Yr. 0Yr. 1Yr. 2Yr. 3Yr. 4Yr. 5Yr. 6Discount rate at 10% (0.1)
Cost (FV)100000000000
Benefits(FV)
250002500025000250002500025000
Cost (PV100000000000
Benefits(PV)0227272066118782170751552714112

Example of CBA using Discounted Method

  • PV of all costs = 100000 (as it is happening in year 0 only) 
  • PV of all revenue = 25000/(1.1) + 25000/(1.1)2 + 25000/(1.1)3+ 25000/(1.1)4+ 25000/(1.1)5 +  25000/(1.1)6 = 22727+20661+18782+17075+15527+14112 =108884 
  • Net Present Value (NPV) = Sum of PV of all benefits – Sum of PV of all costs = 108884 – 100000 = 8884 (> 0)  

Hence this project investment will lead to a profit after discounting the effect of interest and any other inflationary factors which are taken as 10%) 

If NPV is > 0, then the project investments will lead to profit. NPV is one of the most practical methods for doing cost benefit analysis by considering the time-value of money.  

  • IRR (Internal Rate of Return) – IRR is the rate of discount at which the sums of PV of all benefits equals sums of PV of all costs. Or in other words IRR is the rate of discount at which NPV equals 0.  Calculating IRR is a more complex affair. In simpler term IRR denotes expected rate of return from the investments. According to a general guideline, higher the IRR from an investment, the better the opportunity.  

How to establish a framework 

As we discussed above, there are various methods for undertaking cost benefit analysis. Different financial parameters such as Benefit Cost Ratio (BCR), ROI, Payback Period, NPV, IRR etc. need to be calculated for arriving at decisions and making necessary recommendations on whether a specific project should be taken up or not.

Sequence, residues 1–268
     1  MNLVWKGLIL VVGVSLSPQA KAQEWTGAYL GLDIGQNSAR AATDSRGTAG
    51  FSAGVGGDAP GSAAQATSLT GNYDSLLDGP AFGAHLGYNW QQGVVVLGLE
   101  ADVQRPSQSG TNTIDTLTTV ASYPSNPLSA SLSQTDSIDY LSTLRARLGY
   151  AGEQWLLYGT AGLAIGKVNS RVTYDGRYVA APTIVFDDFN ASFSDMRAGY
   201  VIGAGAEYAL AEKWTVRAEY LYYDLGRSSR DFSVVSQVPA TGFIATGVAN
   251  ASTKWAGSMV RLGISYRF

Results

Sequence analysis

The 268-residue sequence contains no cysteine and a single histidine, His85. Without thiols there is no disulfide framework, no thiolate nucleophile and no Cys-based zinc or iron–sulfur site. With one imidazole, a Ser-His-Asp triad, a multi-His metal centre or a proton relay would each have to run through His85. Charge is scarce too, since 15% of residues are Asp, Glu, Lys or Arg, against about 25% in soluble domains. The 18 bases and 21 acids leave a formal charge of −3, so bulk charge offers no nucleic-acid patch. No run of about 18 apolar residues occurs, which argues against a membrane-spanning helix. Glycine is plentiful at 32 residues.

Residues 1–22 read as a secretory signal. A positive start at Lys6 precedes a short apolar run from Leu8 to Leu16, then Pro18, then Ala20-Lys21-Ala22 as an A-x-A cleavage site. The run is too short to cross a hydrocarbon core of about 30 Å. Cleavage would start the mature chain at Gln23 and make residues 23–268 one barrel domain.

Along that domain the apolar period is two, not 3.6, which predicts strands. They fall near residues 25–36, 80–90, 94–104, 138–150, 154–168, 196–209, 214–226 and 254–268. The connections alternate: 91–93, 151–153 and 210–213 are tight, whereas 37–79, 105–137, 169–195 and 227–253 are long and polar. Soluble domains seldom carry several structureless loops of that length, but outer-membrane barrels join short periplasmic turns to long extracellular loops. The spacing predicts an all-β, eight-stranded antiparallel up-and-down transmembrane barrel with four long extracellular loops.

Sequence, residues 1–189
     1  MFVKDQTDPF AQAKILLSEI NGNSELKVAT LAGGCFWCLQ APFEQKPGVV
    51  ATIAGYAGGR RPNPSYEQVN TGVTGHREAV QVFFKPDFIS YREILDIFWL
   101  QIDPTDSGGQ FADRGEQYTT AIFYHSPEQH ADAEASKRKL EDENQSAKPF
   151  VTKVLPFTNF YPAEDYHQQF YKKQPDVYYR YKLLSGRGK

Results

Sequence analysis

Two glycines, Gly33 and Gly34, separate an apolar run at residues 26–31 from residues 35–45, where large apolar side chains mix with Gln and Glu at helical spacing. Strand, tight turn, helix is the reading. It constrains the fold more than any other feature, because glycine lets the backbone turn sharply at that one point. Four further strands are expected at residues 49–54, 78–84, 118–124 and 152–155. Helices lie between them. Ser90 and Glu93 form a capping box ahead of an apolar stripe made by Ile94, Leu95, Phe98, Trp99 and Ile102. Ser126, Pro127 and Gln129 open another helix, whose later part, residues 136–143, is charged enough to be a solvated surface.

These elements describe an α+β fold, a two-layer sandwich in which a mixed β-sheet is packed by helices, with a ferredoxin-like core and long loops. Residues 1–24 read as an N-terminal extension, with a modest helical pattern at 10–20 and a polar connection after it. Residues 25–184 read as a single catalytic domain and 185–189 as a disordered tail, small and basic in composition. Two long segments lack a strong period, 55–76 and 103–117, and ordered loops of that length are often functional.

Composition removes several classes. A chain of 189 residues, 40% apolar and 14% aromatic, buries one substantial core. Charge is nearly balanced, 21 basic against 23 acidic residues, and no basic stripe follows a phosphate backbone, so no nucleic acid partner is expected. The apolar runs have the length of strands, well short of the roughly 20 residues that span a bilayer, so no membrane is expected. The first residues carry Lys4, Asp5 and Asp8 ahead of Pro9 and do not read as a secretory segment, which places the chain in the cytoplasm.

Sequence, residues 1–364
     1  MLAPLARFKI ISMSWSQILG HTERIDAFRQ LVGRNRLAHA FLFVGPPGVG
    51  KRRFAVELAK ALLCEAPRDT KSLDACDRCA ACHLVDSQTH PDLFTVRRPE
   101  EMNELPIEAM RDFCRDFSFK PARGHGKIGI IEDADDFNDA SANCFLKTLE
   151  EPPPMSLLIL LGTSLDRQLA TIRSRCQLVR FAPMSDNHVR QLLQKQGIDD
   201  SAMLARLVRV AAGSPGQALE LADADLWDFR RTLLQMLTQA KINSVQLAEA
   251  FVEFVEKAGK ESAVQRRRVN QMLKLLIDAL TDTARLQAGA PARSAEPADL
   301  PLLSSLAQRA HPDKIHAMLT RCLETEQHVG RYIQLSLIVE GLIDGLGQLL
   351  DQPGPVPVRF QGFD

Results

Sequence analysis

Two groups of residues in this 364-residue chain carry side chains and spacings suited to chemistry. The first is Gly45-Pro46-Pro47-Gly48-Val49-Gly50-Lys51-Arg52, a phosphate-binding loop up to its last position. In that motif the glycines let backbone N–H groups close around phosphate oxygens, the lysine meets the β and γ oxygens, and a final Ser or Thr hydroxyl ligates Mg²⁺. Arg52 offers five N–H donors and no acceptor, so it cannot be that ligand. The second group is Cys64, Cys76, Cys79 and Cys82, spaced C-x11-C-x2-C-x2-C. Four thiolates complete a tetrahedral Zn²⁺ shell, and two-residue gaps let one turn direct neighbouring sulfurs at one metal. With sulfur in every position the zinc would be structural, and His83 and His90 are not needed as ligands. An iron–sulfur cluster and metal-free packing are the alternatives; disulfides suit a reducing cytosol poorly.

Every organization is unique in their capabilities to invest and take risk. Organizations can define their specific guidelines or framework for project selection taking into account the above financial parameters, the risks involved in doing the project and most importantly specific nature of the investors. A framework for project selection will include all above factors.  

Below are some basic guidelines which are used for decision making during cost benefit analysis (CBA) 

  1. NPV should more than 0. Higher the NPV, the better is the project. 
  2. BCR should be more than 1. Higher the BCR, the benefits outweigh the cost more. 
  3. ROI should be high. Higher the ROI, the better is the investment opportunity. 
  4. IRR should be high. Higher the IRR, the better is the opportunity. 
  5. Payback period should be lower. Lower the payback period, the better seems the opportunity.